Max Hastings

Never trust an editor

Prime ministers and journalists cannot be mates

Long before the phone-hacking scandal attained volcanic proportions, I scarcely knew a journalist in London unastonished to hear that last Christmas, the prime minister dined at the Oxfordshire home of Rebekah Brooks. Even were she Mother Teresa, which some evidence suggests she is not, it was plainly a lapse of judgment for David Cameron to be seen to accept Brooks’s hospitality, as he regularly did.

This was on four counts: 1) The immensely sensitive issue of BSkyB’s future ownership was on the government’s plate, and Brooks is a senior executive of News International. 2) The News of the World phone-hacking scandal was ongoing, and Brooks was a deeply involved party. 3) Brooks’s access to Cameron was bound to feed jealousies elsewhere in the media. 4) The theme of this article: it is doubtful that it is possible, never mind prudent, for a prime minister to indulge active friendship with any journalist, however sincere may be goodwill and affection on both sides.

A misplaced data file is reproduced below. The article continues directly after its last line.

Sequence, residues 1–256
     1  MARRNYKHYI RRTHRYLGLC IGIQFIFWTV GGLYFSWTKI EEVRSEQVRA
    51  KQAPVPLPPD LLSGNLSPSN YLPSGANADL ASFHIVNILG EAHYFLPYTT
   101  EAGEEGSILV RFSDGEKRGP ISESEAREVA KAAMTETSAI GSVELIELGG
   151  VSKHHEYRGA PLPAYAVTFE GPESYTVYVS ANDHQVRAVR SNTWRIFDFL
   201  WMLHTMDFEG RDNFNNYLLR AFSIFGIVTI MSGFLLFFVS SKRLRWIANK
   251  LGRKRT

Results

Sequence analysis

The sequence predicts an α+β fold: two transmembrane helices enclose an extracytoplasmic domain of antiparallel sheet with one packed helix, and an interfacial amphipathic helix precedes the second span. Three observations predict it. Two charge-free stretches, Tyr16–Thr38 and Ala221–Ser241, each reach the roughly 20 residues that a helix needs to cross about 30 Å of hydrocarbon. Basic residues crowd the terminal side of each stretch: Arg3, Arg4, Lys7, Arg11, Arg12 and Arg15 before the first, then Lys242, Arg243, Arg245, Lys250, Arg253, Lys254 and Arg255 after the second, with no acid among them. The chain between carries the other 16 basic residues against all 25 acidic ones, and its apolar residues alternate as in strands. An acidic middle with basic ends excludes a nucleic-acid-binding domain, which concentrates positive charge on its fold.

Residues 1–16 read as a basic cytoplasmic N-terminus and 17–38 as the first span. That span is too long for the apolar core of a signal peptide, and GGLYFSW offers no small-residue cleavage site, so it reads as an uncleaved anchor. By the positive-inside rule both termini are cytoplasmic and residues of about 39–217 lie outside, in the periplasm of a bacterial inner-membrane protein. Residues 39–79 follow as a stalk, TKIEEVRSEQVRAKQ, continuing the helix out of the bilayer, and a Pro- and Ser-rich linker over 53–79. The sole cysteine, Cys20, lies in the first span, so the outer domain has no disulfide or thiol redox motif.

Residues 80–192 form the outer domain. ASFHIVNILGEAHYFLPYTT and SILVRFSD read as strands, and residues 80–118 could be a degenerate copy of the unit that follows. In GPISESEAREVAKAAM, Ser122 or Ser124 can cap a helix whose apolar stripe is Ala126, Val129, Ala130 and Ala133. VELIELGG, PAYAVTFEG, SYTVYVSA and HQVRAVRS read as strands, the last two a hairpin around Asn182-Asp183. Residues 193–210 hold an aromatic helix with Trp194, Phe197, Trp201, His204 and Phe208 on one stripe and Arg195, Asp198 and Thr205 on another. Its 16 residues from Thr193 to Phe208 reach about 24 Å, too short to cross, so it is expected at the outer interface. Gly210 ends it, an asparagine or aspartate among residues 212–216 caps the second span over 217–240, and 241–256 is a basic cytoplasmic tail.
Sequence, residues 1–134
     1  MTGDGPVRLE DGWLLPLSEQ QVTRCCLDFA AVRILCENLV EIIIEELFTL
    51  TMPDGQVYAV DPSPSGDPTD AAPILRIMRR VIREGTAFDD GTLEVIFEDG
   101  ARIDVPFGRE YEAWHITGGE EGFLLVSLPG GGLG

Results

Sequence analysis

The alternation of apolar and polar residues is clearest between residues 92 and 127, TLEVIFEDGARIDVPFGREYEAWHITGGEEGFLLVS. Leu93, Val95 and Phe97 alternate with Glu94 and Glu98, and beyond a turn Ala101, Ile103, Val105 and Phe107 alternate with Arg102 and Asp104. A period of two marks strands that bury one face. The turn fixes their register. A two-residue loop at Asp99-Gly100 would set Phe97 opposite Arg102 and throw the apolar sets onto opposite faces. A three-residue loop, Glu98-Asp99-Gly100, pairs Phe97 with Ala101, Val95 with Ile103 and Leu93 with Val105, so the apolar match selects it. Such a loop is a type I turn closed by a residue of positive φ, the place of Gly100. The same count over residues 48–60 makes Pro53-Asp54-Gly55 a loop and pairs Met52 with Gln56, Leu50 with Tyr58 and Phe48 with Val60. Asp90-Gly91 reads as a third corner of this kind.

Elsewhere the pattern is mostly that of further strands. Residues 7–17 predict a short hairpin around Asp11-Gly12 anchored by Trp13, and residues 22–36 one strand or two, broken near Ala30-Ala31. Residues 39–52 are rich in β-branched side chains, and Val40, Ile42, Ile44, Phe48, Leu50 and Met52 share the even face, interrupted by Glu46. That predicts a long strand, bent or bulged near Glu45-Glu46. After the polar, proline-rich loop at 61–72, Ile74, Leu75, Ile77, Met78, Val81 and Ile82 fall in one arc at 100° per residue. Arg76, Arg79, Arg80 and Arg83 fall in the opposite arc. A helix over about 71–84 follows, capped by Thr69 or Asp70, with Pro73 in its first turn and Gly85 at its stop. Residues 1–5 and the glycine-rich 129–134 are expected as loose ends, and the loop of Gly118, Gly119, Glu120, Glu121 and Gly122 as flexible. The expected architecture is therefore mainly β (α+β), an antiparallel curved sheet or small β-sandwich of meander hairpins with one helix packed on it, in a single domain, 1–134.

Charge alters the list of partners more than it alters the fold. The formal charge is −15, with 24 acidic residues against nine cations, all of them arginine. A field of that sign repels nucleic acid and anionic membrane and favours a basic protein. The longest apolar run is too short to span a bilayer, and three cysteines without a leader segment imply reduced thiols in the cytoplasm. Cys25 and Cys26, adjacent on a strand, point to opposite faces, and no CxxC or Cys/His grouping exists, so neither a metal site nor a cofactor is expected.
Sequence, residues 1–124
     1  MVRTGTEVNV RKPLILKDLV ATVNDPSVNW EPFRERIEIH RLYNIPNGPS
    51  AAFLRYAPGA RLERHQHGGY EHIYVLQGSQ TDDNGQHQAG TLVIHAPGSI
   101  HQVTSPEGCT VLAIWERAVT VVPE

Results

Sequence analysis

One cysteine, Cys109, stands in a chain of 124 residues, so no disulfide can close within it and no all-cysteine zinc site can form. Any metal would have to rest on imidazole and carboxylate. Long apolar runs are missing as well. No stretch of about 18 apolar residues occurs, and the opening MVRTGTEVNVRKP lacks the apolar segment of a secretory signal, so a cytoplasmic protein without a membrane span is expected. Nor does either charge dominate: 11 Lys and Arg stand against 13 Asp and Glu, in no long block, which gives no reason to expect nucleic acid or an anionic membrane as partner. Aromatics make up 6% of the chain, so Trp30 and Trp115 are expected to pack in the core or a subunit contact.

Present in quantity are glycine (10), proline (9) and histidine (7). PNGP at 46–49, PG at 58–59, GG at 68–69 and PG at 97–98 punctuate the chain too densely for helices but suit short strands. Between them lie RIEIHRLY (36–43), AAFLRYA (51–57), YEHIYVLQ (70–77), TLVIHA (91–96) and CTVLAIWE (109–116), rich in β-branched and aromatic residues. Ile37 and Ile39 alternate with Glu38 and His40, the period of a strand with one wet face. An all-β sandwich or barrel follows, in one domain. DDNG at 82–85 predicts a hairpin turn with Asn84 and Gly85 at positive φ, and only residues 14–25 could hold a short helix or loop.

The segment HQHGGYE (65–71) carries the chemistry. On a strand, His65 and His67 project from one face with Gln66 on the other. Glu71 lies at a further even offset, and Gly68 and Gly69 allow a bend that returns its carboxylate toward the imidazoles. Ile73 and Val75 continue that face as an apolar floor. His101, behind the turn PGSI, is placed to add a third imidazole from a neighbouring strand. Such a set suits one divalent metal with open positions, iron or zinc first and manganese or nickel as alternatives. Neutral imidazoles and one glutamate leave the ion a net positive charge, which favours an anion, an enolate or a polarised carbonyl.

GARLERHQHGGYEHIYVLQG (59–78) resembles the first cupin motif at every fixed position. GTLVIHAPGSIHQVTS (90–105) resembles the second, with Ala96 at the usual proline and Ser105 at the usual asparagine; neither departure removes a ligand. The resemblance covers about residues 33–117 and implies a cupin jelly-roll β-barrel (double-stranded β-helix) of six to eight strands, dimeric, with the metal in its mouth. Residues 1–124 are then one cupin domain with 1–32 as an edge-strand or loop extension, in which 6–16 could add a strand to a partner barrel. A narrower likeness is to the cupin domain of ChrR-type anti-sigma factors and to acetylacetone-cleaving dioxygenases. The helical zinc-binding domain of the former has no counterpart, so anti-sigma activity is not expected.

A quarter of a century ago there was a row when Peregrine Worsthorne, then Sunday Telegraph editor, recycled in print some remarks the Prince of Wales had made to him at a private lunch. Bill Deedes observed sagely as he watched the plaster falling off the ceiling: ‘Journalists are, by their nature, unsuitable confidants for princes.’ The same applies for prime ministers. Of course they should have a regular private dialogue with editors and political scribes, invaluable to both sides. But they should never delude themselves that intimacy is desirable or indeed acceptable.

Were David Cameron to read this, he might be tempted to mutter something about pomposity. Since his elevation, he has behaved with unaltered informality to people he knew beforehand. I suspect he is mildly irritated that some elderly folk like me, having addressed him for years as David, now do so even privately as ‘prime minister’.

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